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September eNews: Kamas Commuter a Hit! Also, mayor addresses DACA

Post Date:09/15/2017 4:28 PM






For many of us across the country, these past few weeks have been particularly trying to witness. The volume of natural disasters—combined with political uncertainty at the national level regarding our immigration policies—has been a shock to our systems. I don’t blame those who prefer to shut everything off and pull the covers up over their head. I have my days, too, yet there is far too much at stake to just roll over and disconnect.

For one thing, it’s been absolutely heartwarming to witness story after story of neighbors coming to the aid of neighbors—and strangers coming to the aid of strangers—even in the face of great danger. Here at home in Park City, Parkites have also demonstrated compassion for others: many residents have opened their homes to Texans and Floridians in need, and our schools, churches, and businesses are conducting food and clothing donation drives. Every time there is a tragedy, the people of Park City people step in to help.

Fittingly, September is National Preparedness Month. Park City is doing everything we can to prevent and mitigate natural disasters: staff works behind the scenes to ensure we are ready to respond. But we also need you to do your part: have a plan, assemble a disaster kit, and identify ways to stay in touch during emergencies. ( and are two great resources.) Also, get to know your neighbors and find out if any of them might need assistance.

Another reason to get to know your neighbors is to better understand the human toll that reversing some of our most humane and productive immigration policies would take. While I’m hopeful for compromise, recent efforts to dismantle the Deferred Action for Childhood Arrivals program (DACA) are disturbing. DACA provides employment authorization and protections for undocumented immigrants who entered the country before they turned 16, many of whom work in and call Park City home. DACA has benefitted nearly 742,000 undocumented youth since it began in 2012, and 87 percent of DACA recipients are employed by American businesses. Utah is home to an estimated 9,600 DACA recipients and 8,300 DACA workers. Further, Utah stands to lose nearly $500,000 in gross domestic product if DACA is not reinstated. And if you’re like me (contemplating retirement), you’ll be interested to know that DACA recipients contribute 15 percent of their wages to help fund our Social Security and Medicare programs. In other words, DACA recipients—many of whom work and live in Park City—are part of our economy, schools, and community.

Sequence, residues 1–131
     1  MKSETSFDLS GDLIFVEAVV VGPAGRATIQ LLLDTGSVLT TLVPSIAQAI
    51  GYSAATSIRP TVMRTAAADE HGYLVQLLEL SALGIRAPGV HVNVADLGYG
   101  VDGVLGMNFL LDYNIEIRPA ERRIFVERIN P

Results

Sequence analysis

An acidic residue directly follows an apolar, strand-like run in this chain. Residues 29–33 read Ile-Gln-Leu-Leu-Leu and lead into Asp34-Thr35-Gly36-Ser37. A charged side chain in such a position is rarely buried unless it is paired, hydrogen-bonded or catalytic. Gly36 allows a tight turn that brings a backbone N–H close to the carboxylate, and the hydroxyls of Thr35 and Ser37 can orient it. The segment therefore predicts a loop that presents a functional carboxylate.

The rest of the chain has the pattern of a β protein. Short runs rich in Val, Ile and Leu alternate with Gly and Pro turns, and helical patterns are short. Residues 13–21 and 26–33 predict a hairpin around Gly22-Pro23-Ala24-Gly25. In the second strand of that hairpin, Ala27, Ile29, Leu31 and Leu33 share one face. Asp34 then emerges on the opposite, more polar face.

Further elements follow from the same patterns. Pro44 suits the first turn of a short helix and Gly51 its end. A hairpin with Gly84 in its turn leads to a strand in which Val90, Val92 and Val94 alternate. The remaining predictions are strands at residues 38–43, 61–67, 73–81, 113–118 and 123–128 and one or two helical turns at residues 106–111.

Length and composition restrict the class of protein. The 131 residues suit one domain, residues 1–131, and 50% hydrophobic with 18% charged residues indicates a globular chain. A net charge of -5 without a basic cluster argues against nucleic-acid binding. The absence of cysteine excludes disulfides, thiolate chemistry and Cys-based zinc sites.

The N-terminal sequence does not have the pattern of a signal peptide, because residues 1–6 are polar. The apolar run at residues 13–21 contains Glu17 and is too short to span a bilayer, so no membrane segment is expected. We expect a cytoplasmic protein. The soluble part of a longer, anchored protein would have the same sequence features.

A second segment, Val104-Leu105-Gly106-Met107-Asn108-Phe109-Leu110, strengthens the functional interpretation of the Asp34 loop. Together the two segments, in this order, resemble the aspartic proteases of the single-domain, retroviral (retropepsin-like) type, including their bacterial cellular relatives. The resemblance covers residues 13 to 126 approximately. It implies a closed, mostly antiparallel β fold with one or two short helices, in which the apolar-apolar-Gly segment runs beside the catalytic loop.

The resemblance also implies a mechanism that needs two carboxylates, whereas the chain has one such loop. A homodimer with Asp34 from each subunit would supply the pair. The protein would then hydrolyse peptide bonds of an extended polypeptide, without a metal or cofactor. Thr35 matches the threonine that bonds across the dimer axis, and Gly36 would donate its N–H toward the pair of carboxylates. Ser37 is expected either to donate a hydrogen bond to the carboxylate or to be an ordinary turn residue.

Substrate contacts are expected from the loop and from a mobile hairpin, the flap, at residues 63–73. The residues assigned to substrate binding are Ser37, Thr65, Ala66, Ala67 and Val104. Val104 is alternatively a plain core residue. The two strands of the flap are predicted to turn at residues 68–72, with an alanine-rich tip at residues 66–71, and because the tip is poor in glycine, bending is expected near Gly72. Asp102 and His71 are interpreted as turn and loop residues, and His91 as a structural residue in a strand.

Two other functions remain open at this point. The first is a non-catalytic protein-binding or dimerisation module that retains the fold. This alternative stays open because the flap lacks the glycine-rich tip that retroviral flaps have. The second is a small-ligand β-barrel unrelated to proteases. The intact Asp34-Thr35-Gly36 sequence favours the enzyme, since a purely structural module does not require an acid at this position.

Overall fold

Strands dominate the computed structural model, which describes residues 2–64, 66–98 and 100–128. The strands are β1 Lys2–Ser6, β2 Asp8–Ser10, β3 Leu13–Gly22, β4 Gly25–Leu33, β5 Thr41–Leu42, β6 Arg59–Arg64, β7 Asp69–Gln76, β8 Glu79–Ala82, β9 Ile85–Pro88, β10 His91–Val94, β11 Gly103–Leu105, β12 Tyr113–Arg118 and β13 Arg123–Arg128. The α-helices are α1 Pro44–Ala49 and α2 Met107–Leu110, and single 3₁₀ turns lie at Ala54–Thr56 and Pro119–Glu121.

That is why at last night’s City Council meeting, we approved a resolution proclaiming support for the DACA program and urging our Federal Delegation in Congress to do the same.

So let’s stay together, and stay prepared.

Mayor Jack Thomas



Route riders enjoy the new service

The Kamas Commuter began service scarcely two-and-a-half months ago, but it's already been life-changing for some of its regular riders. Whatever the reason for using the service—to be more sustainable, to save money, or to have a less stressful commute—folks are saying it has made a discernible difference in their quality of life. Some ride it to work, while some ride it school; one rider said he plans to ride the Kamas Commuter to the ski mountain in the winter. Whatever the reason, folks say they love how easy and pleasant the trip is. In the month of August, more 1200 one-way trips were taken (average of 50 a day), which means about 20-to-25 cars were taken off the road each day. Not too shabby for the second month of operation.

Here's a sampling of rider quotes:

  • “I’ve been hoping for a bus like this for years. I’m really proud of you guys for doing this.”
  • “I love that it comes and goes from Kamas to PC. Great drivers too.”
  • “Gracias por todo.” (“Thank you for everything.”)
  • “I no longer drive to work thanks to the awesome efforts of our city to make busing easier.”
  • “Great service!”
  • “Muy bien servicio.” (“Very good service.”)
  • “Nice drivers; very punctual.”